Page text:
TV Guide is an icon of the American magazine publishing industry. Since it was first published in 1953, TV Guide has followed the progress of television, its programs and celebrities on a weekly basis. The stars that have featured on TV Guide front covers over the last fifty-five years are a Who’s Who of popular culture.
And while – like other printed TV listings – TV Guide has recorded a declining circulation in recent times, it still claims a weekly readership of over 20 million Americans.
But this week TV Guide made news itself when its owner, Macrovision, sold the title to private equity firm OpenGate Capital for one dollar – not for one issue, but the whole publication. (TV Guide’s online presence is not included in the sale) As well as that, Macrovision also offered OpenGate a low-interest loan to help cover the magazine’s losses. This is all quite a markdown considering that a previous owner, Rupert Murdoch, made corporate history when he bought the magazine for $US3 billion in 1988, at the time making it the largest deal in American publishing history. Murdoch later admitted that he had paid too much for the title and in 1998 sold it off for $US2 billion.
The recent bargain-priced sale of TV Guide highlights the challenges facing the printed media market, such as TV listings, with intense competition from other media such as the internet and electronic TV listings through services such as TiVo or electronic program guide channels often found on pay TV and digital TV, which can all be updated at the press of a button, an obvious benefit given networks’ tendency for rapid schedule changes at a moment’s notice.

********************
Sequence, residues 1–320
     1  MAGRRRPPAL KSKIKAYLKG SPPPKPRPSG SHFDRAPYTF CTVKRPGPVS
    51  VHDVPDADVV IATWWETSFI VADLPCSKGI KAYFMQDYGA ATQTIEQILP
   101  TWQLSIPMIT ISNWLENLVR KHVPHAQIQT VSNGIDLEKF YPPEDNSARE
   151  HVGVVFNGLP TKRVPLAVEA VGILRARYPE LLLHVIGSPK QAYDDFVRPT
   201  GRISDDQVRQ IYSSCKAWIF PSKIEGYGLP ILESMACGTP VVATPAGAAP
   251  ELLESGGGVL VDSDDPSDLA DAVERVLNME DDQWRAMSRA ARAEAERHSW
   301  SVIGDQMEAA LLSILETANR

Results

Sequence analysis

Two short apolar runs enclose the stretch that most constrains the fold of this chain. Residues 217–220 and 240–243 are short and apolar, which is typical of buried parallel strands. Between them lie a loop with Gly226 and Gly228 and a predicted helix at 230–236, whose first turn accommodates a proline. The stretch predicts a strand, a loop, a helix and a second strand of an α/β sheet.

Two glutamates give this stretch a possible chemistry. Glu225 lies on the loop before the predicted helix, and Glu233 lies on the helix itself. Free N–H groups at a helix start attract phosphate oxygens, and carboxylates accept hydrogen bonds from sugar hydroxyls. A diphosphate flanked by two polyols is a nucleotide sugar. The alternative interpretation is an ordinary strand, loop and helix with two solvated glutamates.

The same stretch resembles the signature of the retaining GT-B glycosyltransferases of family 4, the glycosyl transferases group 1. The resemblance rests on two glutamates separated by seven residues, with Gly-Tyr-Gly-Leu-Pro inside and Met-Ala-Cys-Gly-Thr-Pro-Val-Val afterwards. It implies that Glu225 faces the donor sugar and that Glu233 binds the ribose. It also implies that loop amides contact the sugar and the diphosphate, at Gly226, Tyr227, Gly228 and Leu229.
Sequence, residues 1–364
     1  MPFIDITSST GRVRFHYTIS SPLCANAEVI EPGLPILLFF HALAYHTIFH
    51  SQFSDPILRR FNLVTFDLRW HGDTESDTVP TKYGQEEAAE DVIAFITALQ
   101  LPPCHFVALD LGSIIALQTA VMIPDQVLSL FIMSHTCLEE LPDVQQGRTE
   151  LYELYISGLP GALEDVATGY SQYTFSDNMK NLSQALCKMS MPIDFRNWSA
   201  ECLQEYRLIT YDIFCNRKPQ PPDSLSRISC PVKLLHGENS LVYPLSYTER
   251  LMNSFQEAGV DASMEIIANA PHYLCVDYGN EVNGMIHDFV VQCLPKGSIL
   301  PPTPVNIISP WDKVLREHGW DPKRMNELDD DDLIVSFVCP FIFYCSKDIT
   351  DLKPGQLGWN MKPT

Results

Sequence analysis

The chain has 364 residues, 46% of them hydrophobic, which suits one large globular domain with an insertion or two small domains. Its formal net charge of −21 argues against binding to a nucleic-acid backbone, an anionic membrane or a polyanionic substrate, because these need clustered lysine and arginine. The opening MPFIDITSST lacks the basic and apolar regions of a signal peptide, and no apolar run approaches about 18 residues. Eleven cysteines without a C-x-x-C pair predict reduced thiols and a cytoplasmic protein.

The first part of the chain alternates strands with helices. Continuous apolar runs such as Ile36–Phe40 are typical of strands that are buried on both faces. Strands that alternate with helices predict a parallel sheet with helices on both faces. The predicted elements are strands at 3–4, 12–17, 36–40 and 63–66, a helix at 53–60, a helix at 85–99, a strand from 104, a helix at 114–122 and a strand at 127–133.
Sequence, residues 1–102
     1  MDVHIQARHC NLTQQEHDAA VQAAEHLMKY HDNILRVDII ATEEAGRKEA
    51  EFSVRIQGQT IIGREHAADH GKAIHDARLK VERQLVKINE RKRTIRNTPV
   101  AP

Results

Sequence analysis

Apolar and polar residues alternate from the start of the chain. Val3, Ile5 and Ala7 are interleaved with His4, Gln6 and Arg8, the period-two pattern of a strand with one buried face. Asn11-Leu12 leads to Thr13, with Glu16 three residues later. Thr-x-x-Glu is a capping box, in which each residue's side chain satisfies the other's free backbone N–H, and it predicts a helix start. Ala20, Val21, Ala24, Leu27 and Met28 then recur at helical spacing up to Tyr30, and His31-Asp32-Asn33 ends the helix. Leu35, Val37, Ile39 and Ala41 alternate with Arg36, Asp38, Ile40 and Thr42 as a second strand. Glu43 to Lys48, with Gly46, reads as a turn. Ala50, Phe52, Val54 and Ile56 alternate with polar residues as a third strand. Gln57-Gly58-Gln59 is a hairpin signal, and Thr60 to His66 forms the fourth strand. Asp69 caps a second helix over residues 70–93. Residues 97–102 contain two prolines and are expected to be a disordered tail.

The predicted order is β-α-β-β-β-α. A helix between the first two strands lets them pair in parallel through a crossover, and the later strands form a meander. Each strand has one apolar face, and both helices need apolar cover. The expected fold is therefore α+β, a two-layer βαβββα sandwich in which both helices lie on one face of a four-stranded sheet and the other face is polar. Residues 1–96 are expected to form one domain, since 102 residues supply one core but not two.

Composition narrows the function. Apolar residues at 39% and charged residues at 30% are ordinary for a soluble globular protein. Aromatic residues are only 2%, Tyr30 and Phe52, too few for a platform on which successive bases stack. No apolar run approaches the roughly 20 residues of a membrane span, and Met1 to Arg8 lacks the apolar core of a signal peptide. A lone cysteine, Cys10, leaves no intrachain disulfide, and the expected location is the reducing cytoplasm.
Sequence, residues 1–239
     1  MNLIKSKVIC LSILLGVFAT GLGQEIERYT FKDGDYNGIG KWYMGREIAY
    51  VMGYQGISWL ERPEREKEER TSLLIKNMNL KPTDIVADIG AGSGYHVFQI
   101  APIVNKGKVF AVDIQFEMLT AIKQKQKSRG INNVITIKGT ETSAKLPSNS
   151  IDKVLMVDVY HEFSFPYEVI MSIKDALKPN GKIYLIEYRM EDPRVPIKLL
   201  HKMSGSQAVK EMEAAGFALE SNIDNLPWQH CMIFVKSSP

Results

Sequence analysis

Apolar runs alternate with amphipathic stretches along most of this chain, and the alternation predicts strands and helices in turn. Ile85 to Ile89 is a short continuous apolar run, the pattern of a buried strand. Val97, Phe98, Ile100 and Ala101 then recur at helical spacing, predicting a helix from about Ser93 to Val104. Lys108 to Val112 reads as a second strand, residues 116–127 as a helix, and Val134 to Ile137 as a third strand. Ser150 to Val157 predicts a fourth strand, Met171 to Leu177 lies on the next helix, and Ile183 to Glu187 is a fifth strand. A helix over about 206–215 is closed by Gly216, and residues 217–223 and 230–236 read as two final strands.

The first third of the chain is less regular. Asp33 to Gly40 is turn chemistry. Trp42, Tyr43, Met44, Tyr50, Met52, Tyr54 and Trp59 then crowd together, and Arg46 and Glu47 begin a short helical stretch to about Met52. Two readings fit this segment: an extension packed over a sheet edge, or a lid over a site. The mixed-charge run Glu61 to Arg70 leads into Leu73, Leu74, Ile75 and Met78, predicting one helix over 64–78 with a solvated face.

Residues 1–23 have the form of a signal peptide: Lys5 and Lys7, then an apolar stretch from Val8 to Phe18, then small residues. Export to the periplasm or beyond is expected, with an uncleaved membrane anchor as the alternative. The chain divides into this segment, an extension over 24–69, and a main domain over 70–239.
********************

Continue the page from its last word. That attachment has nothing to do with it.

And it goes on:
Since the historic Murdoch deal, TV Guide has been reworked numerous times including dumping its digest-size format to the larger-page format in 2005, a move which coincided with the controversial scrapping of all localised TV program listings and replacing with a single national ‘grid’ format covering the major networks only, and editorial featuring an increased emphasis on celebrity stories rather than breaking news. The title recorded a $US20 million loss in 2007, but OpenGate is hopeful to turn the magazine around and have it making a profit again as soon as 2009.
The evolution of the TV listing market has also seen Canada’s TV Guide (not related to the US title) abandon print publication altogether in 2006, instead choosing only to maintain itself as an online presence.